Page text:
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The initial SE (secondary electrons) angulardistribution as SEs leave the emitting
surface is predicted to follow a cosine distribution [1]
 [4832]
Here, δ_{0} is the SE yield at α = 0°. Figure 4832a shows the SE
angulardistribution for our polycrystalline gold sample at electron beam energy of 1.5 keV.
Figure 4832a. SE angleresolved yield data for
polycrystalline Au with electron beam energy of 1.5 keV.
The
curve fits the data using the cosine distribution of Equation [4832]. [2]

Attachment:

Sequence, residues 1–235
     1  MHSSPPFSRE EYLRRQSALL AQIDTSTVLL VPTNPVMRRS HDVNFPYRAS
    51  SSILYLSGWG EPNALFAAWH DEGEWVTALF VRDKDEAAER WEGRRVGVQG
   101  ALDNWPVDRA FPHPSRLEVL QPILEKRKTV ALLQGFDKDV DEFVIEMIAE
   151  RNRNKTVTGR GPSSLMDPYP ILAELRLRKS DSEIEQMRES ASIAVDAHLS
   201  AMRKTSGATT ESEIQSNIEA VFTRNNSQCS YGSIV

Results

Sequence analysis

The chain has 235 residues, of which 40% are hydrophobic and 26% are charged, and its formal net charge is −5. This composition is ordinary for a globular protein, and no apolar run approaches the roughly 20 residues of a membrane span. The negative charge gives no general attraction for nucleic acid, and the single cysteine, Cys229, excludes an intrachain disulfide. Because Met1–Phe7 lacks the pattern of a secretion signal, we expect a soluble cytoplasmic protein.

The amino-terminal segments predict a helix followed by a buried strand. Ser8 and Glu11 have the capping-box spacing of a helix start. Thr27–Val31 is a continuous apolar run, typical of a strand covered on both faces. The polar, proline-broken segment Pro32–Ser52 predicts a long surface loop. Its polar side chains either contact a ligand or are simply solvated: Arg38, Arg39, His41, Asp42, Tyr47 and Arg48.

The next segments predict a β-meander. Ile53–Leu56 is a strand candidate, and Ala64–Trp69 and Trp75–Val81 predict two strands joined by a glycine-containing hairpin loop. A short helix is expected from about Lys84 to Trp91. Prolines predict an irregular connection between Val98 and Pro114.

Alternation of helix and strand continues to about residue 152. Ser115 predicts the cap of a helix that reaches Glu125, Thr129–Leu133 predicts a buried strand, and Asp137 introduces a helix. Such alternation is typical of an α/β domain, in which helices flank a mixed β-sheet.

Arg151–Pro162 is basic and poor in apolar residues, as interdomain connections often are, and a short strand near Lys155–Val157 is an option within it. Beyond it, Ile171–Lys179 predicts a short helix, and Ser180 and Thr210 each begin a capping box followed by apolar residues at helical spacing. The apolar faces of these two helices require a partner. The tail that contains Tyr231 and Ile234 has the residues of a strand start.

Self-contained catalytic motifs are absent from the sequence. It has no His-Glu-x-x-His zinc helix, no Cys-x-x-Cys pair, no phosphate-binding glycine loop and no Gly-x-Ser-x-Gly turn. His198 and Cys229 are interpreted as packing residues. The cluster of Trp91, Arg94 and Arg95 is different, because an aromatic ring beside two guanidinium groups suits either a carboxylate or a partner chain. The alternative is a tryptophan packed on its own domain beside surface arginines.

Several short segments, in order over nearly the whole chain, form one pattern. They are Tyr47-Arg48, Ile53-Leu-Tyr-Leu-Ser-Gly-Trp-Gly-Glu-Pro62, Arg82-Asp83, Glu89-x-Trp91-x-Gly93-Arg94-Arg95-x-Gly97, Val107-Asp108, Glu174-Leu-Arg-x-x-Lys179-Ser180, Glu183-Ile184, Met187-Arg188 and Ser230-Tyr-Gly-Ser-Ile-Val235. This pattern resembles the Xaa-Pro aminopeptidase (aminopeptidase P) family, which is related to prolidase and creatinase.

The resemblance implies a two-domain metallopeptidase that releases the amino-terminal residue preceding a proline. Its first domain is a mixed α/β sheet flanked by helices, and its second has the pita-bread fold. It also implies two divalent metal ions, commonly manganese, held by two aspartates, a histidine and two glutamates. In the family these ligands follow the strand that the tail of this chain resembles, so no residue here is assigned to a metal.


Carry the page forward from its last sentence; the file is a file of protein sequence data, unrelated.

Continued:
Figure 4832b shows the radial spread of emission of secondary electrons from a point source. Here, it shows cartesian coordinates on the sample surface.
Figure 4832b. Radial spread of emission of secondary electrons from a point source. Here, cartesian coordinates is used on the sample surface.
SE angulardistributions can be measured with a rotatable Faraday cup retarding field analyzer for a range of fixed emission angles between 18° and +73° with respect to the sample normal [2].
[1] J. H. L. Jonker, The angulardistribution of the secondary electrons of
nickel, Philips Res. Rep., 6, 372387,1951.
[2] N. Nickles, R. E. Davies and J. R. Dennison, Applications of Secondary Electron Energy and AngularDistributions to Spacecraft Charging, 6th Spacecraft Charging Technology Conference, AFRLVSTR20001578, 1 September 2000.